When most people consider the hardships of war, they focus on the fear and the fighting, the noble cause and the selfless sacrifice.
When best-selling science writer Mary Roach tackled the topic, she focused on maggots, stink bombs and diarrhea.
But that’s to be expected from Roach, the author known for her funny, unflinching books about the nitty-gritty research behind subjects as diverse as death, sex and space travel.
“I’m a little bit of a loose cannon,” Roach, 57, admitted in a recent phone interview about her sixth book, “Grunt: The Curious Science of Humans at War.”
Roach said she came up with the idea for the new book while on assignment in India, researching a story about the world’s hottest chili pepper. She learned that the Indian defense ministry had actually manufactured a nonlethal weapon from the pepper, so she headed to the lab to check it out.
“Not only was there that,” explained Roach, speaking from Washington, D.C., while on her book tour. “They were working on a leech repellent, and that was right up my alley.”
“It planted in my head this idea that military science is a whole hidden world related to the day-to-day hardships of being a warrior,” she added.
The book, published by W.W. Norton & Co., takes a close look at how scientists are working to help soldiers cope with the other enemies in a war zone, including sweltering heat, cacophonous noise and what Roach describes as “ill-timed gastrointestinal urgency.”
As in her other books, Roach goes straight to the sources, whether it’s to Camp Lemonnier in Djibouti, East Africa, or under the sea in the nuclear submarine USS Tennessee. Seeing the places in person is vital, she said.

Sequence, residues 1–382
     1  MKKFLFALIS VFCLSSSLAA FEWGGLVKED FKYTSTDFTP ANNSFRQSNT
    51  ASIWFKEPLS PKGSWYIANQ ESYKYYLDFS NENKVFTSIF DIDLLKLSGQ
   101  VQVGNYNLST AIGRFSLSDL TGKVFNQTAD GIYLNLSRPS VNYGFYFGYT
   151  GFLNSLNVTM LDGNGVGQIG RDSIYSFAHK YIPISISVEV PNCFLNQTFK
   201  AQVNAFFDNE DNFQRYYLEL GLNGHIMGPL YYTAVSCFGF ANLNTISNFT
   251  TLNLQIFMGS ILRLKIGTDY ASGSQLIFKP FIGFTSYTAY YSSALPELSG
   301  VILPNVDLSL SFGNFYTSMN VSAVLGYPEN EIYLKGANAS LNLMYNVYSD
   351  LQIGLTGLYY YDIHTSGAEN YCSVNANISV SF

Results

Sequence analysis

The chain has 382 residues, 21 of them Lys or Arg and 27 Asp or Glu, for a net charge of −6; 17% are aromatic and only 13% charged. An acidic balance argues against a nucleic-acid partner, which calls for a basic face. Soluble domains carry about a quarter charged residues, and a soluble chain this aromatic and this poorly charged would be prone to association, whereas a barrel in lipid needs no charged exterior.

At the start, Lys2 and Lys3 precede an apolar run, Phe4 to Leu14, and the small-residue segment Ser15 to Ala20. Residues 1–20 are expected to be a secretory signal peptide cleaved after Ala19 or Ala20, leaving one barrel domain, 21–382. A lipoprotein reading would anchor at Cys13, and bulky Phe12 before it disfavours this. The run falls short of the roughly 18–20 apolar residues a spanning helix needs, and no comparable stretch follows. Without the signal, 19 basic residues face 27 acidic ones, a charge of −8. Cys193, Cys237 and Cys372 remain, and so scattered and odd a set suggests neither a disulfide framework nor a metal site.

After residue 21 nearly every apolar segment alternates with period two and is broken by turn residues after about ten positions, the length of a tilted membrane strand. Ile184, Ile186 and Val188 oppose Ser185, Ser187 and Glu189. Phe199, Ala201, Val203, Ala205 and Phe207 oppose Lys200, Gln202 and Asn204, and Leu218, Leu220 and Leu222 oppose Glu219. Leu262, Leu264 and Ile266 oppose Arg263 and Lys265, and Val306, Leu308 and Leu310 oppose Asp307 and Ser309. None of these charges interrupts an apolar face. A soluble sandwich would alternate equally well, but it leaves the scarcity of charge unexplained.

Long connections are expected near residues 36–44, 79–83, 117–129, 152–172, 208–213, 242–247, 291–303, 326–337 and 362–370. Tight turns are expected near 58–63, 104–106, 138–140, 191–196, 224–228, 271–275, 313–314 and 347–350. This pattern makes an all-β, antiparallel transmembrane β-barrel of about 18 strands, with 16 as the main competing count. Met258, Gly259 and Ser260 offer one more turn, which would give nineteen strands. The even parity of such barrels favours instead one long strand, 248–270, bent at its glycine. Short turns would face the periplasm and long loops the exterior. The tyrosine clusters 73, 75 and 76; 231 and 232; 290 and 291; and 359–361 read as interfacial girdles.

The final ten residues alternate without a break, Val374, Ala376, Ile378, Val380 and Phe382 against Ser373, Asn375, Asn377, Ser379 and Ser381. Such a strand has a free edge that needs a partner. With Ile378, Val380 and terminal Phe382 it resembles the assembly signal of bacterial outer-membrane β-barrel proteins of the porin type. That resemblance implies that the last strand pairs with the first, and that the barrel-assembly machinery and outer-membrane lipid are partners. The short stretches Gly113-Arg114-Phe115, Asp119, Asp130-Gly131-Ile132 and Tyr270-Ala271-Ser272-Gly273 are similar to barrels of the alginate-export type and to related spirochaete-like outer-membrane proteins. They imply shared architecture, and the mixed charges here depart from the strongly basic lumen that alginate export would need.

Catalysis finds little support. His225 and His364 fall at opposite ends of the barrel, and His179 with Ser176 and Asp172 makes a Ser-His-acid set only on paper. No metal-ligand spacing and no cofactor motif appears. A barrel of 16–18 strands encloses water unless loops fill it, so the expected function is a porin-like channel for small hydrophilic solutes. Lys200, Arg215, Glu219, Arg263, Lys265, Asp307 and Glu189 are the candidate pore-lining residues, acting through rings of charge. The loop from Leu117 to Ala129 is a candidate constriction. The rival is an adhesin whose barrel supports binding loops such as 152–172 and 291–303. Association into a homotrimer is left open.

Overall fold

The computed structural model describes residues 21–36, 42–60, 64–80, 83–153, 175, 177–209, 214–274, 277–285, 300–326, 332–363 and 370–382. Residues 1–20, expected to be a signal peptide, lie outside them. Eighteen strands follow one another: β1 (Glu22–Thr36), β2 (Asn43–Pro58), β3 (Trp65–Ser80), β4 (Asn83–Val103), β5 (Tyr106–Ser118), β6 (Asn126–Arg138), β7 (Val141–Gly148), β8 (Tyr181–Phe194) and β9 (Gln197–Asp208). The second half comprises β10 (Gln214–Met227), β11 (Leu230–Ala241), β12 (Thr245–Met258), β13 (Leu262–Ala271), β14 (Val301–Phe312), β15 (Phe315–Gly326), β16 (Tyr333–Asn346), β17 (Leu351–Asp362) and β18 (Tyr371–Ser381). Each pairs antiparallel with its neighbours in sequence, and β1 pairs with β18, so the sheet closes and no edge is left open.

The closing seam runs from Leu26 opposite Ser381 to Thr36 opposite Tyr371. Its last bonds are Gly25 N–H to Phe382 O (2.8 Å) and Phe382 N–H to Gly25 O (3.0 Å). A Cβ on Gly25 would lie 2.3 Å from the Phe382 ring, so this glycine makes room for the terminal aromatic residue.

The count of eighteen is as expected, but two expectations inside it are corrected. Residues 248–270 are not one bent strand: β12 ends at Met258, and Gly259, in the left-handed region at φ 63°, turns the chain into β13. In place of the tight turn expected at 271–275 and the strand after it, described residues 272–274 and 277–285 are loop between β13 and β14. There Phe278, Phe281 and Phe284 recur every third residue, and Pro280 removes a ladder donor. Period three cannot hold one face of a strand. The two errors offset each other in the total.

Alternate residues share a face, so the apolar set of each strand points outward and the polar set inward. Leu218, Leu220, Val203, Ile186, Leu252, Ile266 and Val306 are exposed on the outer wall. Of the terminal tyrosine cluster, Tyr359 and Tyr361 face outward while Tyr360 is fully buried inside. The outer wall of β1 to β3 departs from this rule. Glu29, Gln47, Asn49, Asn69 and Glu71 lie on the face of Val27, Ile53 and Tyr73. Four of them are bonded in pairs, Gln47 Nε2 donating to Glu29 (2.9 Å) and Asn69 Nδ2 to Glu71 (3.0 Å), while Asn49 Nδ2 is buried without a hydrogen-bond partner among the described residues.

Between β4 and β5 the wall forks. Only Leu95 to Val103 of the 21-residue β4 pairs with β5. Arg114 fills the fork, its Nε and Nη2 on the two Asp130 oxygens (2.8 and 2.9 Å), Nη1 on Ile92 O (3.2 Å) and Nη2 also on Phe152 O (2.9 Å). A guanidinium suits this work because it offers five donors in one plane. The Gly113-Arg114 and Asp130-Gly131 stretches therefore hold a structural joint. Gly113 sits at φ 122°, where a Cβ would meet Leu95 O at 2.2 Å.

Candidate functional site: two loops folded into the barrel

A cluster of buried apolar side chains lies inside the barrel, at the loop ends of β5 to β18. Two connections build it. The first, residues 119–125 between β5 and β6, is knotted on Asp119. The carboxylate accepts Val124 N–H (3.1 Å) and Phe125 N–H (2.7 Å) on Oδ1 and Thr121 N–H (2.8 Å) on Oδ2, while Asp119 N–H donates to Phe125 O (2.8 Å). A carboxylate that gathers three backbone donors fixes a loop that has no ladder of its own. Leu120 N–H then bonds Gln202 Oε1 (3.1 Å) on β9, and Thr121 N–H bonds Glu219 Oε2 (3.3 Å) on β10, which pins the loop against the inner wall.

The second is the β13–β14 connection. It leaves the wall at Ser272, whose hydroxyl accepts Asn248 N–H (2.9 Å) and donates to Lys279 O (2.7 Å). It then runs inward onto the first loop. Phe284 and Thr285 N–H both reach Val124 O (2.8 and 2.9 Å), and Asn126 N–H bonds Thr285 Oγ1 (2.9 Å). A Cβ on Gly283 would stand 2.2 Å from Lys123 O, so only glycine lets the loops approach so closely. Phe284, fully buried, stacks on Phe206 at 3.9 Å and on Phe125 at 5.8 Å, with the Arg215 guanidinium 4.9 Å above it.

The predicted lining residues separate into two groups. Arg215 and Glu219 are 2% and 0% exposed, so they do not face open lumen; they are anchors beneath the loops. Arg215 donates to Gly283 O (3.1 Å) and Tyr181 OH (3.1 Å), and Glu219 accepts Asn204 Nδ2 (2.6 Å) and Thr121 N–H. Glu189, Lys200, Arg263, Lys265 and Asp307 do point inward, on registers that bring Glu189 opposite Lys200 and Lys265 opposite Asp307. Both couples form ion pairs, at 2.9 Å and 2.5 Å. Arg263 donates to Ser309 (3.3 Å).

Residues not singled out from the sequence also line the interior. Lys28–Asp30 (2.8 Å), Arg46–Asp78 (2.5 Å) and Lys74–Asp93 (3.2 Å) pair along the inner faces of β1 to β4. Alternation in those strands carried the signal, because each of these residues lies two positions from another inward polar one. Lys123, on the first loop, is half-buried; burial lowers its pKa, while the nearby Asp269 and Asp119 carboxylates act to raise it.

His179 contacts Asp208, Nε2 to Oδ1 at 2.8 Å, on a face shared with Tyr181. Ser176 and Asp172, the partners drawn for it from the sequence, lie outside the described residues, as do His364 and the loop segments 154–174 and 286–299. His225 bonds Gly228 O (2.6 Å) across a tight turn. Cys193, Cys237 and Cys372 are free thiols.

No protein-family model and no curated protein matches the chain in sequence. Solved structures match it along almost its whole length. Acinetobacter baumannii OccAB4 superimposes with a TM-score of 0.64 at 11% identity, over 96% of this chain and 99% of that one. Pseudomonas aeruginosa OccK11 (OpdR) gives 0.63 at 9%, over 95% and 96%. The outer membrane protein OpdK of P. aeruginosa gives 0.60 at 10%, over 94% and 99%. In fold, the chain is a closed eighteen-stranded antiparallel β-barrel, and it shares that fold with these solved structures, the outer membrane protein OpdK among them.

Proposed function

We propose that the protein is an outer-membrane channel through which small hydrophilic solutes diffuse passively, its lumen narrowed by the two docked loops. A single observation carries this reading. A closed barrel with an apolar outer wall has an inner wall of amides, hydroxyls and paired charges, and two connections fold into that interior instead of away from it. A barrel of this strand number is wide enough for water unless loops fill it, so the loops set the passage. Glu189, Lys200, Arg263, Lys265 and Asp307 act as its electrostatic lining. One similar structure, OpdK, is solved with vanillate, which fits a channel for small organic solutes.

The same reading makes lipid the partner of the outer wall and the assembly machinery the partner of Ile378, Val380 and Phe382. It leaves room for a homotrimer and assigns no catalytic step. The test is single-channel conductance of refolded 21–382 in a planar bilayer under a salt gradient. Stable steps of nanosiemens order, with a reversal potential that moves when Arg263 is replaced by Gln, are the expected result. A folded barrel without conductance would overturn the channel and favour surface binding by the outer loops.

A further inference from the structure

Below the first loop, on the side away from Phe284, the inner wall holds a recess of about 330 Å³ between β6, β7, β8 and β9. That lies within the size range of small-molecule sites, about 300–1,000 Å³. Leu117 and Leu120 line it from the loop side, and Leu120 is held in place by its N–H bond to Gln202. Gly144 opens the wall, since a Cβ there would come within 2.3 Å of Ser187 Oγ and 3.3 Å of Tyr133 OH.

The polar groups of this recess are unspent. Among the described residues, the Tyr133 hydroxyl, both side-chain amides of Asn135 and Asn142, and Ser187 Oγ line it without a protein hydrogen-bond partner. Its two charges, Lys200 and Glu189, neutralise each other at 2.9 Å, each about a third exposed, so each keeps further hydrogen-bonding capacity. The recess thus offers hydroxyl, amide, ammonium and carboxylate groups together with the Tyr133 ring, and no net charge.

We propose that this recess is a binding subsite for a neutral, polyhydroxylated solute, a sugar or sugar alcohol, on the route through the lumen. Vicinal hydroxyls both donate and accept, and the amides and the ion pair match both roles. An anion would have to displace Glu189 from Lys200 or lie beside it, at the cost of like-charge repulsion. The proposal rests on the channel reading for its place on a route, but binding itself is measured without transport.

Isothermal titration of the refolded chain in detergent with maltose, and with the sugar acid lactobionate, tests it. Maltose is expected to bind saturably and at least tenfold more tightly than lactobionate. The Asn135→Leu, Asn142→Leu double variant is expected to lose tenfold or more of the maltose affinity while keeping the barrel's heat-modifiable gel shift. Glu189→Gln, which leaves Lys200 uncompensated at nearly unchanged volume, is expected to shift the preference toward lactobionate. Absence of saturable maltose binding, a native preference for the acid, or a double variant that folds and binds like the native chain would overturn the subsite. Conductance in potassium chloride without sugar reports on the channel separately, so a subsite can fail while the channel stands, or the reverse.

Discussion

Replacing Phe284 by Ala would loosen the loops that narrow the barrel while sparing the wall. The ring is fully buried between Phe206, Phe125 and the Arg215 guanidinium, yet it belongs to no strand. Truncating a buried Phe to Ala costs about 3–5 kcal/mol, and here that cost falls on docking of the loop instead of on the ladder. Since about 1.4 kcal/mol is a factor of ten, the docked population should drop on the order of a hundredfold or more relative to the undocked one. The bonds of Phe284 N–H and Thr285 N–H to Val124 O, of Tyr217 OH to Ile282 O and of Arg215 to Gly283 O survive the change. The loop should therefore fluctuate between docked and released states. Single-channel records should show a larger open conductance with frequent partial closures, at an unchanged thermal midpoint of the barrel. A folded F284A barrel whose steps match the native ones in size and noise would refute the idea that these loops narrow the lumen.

“Otherwise, I don’t have a narrative,” she explained. “You can have quotes from talking heads on the phone, but the reader isn’t led into details with conversations and character.”
Access is everything, explained Roach. For this book, she wanted to cover an Army medevac operation, but she couldn’t get approval. Instead, she covers the training in a chapter on realistic military simulations.
“It has everything to do with whether I can go somewhere and observe something that will be fresh and surprising,” Roach said.
Roach approaches her subjects as an outsider, someone with no formal scientific training – she has a bachelor’s degree in psychology. She simply asks the sometimes-gross questions everybody wonders about.
Hence a chapter in “Grunt” on work to perfect penis transplants for soldiers whose genitals are mutilated in battle. And, yes, a chapter on why diarrhea can be a threat to national security.
Roach takes two to three years to research and write a book, and she said she’s divided about which part of the process is most enjoyable.
“The reporting is amazing,” she said. “If it isn’t fun, I don’t include it. I’m a very self-indulgent writer.”
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